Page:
The European Medicine’s advisory committee has issued positive opinions on the following four therapies: Biogen Idec and Elan’s multiple sclerosis drug Tysabri; Abbott’s Humira for ankylosing spondylitis; Sanofi-Aventis’ Acomplia for weight loss; and Pfizer’s Sutent for difficult-to-treat cancers.

Tysabri for MS

Biogen Idec and Elan’s Tysabri (natalizumab) has taken a giant leap towards a re-launch in Europe, after the Committee for Human Medicinal Products recommended the drug for the treatment of patients with certain types of MS. A final seal of approval by the European Commission could see the agent could be back on the shelves as early as the summer.

The move comes hot on the heels of a similar decision in the US last month, where the Food and Drug Administration’s advisory committee also gave the thumbs up for the product’s return – although on a restricted basis.

Tysabri was taken off the market in February 2005 after it emerged that three patients taking the drug developed a rare brain disease called progressive multifocal leukoencephalopathy, leading to two deaths. It’s withdrawal came as a severe blow to both firms, which were pinning their hopes on the drug for future growth, given that it had been tipped to achieve peak sales of $2 to $3 billion by 2007.

Humira for ankylosing spondylitis

The CHMP has issued a positive opinion for Abbott Laboratories’ rheumatoid arthritis drug Humira (adalimumab) as a treatment for ankylosing spondylitis, an inflammatory disease of the spine and spinal joints.

The recommendation was based on results of the Phase III ATLAS trial, which showed that 58% patients receiving Humira experienced at least a 20% reduction in signs and symptoms of pain and inflammation at 12 weeks.

If approved, this additional indication should give a nice boost to Humira’s sales, which are already performing well, jumping 39% to $392 million in the first quarter of this year.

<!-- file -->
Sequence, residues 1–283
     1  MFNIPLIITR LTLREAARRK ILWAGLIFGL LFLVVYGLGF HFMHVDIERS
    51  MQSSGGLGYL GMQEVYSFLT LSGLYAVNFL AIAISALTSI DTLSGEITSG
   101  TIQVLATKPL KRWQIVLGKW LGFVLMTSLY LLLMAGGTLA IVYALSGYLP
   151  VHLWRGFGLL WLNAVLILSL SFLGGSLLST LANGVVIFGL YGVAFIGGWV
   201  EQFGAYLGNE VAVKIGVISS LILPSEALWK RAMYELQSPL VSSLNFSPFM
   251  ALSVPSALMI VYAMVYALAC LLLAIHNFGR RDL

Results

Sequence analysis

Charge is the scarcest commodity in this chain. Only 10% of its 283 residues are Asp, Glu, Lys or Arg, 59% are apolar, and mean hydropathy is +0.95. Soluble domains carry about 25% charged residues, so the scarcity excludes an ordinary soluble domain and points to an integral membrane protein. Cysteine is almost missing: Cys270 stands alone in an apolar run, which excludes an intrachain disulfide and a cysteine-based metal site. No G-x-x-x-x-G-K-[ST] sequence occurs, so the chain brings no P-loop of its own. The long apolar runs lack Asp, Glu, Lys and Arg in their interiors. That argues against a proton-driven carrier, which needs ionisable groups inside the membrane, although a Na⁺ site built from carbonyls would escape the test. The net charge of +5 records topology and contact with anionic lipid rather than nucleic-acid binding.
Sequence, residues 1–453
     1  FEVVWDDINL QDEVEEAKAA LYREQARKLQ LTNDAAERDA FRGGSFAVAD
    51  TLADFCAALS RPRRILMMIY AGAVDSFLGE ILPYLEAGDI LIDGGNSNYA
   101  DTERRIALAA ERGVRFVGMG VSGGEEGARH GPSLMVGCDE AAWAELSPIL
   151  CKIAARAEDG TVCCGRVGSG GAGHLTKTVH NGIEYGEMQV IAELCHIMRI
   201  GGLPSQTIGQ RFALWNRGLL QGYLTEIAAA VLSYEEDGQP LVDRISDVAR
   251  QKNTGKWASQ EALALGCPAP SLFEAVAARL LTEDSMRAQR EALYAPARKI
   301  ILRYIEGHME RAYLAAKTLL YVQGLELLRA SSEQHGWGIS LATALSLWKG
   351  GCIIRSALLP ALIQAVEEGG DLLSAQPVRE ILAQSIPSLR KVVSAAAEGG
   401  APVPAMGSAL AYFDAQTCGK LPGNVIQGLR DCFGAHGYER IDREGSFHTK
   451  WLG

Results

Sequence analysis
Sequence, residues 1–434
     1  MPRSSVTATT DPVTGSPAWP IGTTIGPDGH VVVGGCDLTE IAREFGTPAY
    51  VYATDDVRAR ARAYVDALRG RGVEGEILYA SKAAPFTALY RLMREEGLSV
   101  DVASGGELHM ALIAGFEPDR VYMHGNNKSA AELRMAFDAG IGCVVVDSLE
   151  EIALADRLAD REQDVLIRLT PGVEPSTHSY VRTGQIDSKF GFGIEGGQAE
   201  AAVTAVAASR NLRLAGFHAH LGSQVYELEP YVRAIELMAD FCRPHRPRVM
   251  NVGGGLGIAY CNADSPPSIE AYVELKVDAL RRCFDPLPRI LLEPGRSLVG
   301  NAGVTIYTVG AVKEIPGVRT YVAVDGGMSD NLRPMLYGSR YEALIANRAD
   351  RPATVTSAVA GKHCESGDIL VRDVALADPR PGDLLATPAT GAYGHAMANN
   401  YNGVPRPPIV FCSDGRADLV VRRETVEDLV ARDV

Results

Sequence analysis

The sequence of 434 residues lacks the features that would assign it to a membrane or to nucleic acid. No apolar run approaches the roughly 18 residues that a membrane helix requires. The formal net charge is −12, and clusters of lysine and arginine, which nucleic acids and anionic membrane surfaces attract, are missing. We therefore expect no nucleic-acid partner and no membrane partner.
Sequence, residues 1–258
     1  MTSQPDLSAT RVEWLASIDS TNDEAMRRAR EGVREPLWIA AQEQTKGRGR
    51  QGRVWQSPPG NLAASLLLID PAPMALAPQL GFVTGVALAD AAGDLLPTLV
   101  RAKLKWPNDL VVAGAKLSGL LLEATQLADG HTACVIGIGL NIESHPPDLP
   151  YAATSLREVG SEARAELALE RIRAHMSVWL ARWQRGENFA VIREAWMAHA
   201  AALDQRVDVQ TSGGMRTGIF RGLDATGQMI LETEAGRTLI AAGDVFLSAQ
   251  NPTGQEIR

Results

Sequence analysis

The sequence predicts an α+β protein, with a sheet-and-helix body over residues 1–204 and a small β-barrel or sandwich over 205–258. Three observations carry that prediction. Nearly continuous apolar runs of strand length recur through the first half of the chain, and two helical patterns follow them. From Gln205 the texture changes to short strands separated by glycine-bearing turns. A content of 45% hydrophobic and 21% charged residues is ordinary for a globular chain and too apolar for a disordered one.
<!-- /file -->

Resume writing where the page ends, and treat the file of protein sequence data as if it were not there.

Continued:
Humira is currently indicated for the treatment of rheumatic and psoriatic arthritis, and is sold in around 65 countries around the world. Its potential is also being evaluated in autoimmune diseases, such as Crohn’s disease.

Acomplia for obesity

Sanofi-Aventis’ Acomplia (rimonabant) has received a nod from the CHMP for inducing weight loss in overweight patients with risk factors such as dyslipidaemia or diabetes type 2.

The decision was based on comprehensive safety and efficacy data, including results of the 6,600-patient RIO trial, which showed that the agent had a significant effect on weight and waist circumference as well as on levels of HbA1c, high-density lipoprotein cholesterol and triglycerides.

Commenting on the drug’s potential, Luc Van Gaal, Professor of Diabetology, Metabolism and Clinical Nutrition at Antwerp University Hospital in Belgium and lead investigator of the RIO Europe trial, remarked that Acomplia will “offer physicians a new approach to offering multiple cardiometabolic risk factors in patients with abdominal obesity who have other conditions such as type 2 diabetes or unhealthy lipids.” But he went on to warn that the agent should only be where there is a “real medical need,” and not for purely cosmetic reasons.

Acomplia, a first-in-class selective CB1 blocker, is widely tipped to become a future blockbuster and represents a key player in the Sanofi’s growth strategy. It is hoped that the drug will help the company to overcome generic erosion of sales of some of its key players, including the antihistamine Allegra (fexofenadine), the diabetes drug Amaryl (glimepiride), Arava (leflunomide) for arthritis and DDAVP (desmopressin).

Sutent for cancer

Pfizer’s Sutent (sunitinib malate) has been recommended for difficult-to-treat gastrointestinal stromal tumours (GIST) in patients resistant or intolerant to Novartis’ Gleevec (imatinib mesylate), and for metastatic renal cell carcinoma, or kidney cancer, after failure of interferon alfa or interleukin-2 therapy.

In May last year Pfizer released clinical data showing that Sutent extended survival to nearly 20 months in patients with GIST that had not responded to Gleevec, the first drug to be approved for this indication.

In patients with advanced renal cell carcinoma, results showed that the agent cut the size of tumours with an overall response rate of 26%-37%. In this indication, Sutent will go head-to-head with another new product, Bayer and Onyx' Nexavar (sorafenib tosylate), which was cleared by the FDA last month.

Its strong clinical backing helped Sutent to win a green light in the USA earlier this year for both of the above indications, and the firm is hoping that the drug’s approval around the globe will help it weather patent expiries on existing brands that could carve up to $14 billion off its revenues.